↓ Skip to main content

A case of Naegleria fowleri related primary amoebic meningoencephalitis in China diagnosed by next-generation sequencing

Overview of attention for article published in BMC Infectious Diseases, July 2018
Altmetric Badge

Mentioned by

twitter
2 tweeters

Citations

dimensions_citation
20 Dimensions

Readers on

mendeley
49 Mendeley
You are seeing a free-to-access but limited selection of the activity Altmetric has collected about this research output. Click here to find out more.
Title
A case of Naegleria fowleri related primary amoebic meningoencephalitis in China diagnosed by next-generation sequencing
Published in
BMC Infectious Diseases, July 2018
DOI 10.1186/s12879-018-3261-z
Pubmed ID
Authors

Qiang Wang, Jianming Li, Jingkai Ji, Liuqing Yang, Li Chen, Rongrong Zhou, Yang, Haixia Zheng, Jing Yuan, Liqiang Li, Yuhai Bi, George F. Gao, Jinmin Ma, Yingxia Liu

Abstract

Primary amoebic meningoencephalitis (PAM), caused by Naegleria fowleri, is a rare protozoan infectious disease in China. A fatality rate of over 95% had been reported due to extremely rapid disease progression in the USA and other countries. Rapid and precise identification of the causative agent is very important to clinicians for guiding their choices for administering countermeasures in the clinic. In this report, we applied the next-generation sequencing (NGS) method to rapidly show that N. fowleri was the causative agent of a fatal case involving a 42-year-old man with severe PAM disease, the first reported in mainland China. A 42-year old male in a deep coma was admitted to Shenzhen Third People's Hospital, a special medical care unit with expertise in infectious diseases. Increased intracranial pressure was detected. The cerebrospinal fluid (CSF) sample was found to be red and cloudy with increased leukocyte and protein levels. While bacterial cultures with CSF were negative, N. fowleri was determined to be the causative agent with NGS. Amphotericin B (AmB), a drug with anti-amoeba activity, was used immediately, but the treatment came too late and the patient died 2 days after the NGS confirmation. In this paper, we reported a case of PAM disease for the first time in mainland China. NGS was used for rapid diagnosis and provided guidance for prescribing medications. However, the patient died due to a late admission amid advanced PAM disease. Early detection of N. fowleri is necessary in order to select effective drug treatments and control the disease progression. Despite the negative survival outcome, NGS was shown to be a promising method of rapid and precise identification of N. fowleri.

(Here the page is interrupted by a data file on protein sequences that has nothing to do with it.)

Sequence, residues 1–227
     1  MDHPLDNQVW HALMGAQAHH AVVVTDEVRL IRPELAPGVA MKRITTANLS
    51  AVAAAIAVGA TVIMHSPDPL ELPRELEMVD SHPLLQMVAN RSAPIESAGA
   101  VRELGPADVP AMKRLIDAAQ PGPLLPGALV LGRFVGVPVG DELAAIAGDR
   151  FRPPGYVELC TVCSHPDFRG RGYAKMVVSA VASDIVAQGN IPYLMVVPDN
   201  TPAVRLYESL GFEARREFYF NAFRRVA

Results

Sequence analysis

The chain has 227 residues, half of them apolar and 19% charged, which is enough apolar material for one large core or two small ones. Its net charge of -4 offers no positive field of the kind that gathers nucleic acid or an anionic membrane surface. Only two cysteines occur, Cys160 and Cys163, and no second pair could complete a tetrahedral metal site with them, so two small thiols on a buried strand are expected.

Twitter Demographics

The data shown below were collected from the profiles of 2 tweeters who shared this research output. Click here to find out more about how the information was compiled.

Mendeley readers

The data shown below were compiled from readership statistics for 49 Mendeley readers of this research output. Click here to see the associated Mendeley record.

Geographical breakdown

Country Count As %
Unknown 49 100%

Demographic breakdown

Readers by professional status Count As %
Student > Bachelor 14 29%
Student > Master 8 16%
Researcher 7 14%
Student > Ph. D. Student 3 6%
Other 3 6%
Other 6 12%
Unknown 8 16%
Readers by discipline Count As %
Medicine and Dentistry 11 22%
Biochemistry, Genetics and Molecular Biology 9 18%
Agricultural and Biological Sciences 7 14%
Immunology and Microbiology 6 12%
Neuroscience 2 4%
Other 5 10%
Unknown 9 18%

Attention Score in Context

This research output has an Altmetric Attention Score of 1. This is our high-level measure of the quality and quantity of online attention that it has received. This Attention Score, as well as the ranking and number of research outputs shown below, was calculated when the research output was last mentioned on 02 August 2018.
All research outputs
#10,169,698
of 13,322,622 outputs
Outputs from BMC Infectious Diseases
#3,152
of 4,957 outputs
Outputs of similar age
#185,084
of 268,290 outputs
Outputs of similar age from BMC Infectious Diseases
#1
of 1 outputs
Altmetric has tracked 13,322,622 research outputs across all sources so far. This one is in the 20th percentile – i.e., 20% of other outputs scored the same or lower than it.
So far Altmetric has tracked 4,957 research outputs from this source. They receive a mean Attention Score of 4.8. This one is in the 28th percentile – i.e., 28% of its peers scored the same or lower than it.
Older research outputs will score higher simply because they've had more time to accumulate mentions. To account for age we can compare this Altmetric Attention Score to the 268,290 tracked outputs that were published within six weeks on either side of this one in any source. This one is in the 25th percentile – i.e., 25% of its contemporaries scored the same or lower than it.
We're also able to compare this research output to 1 others from the same source and published within six weeks on either side of this one. This one has scored higher than all of them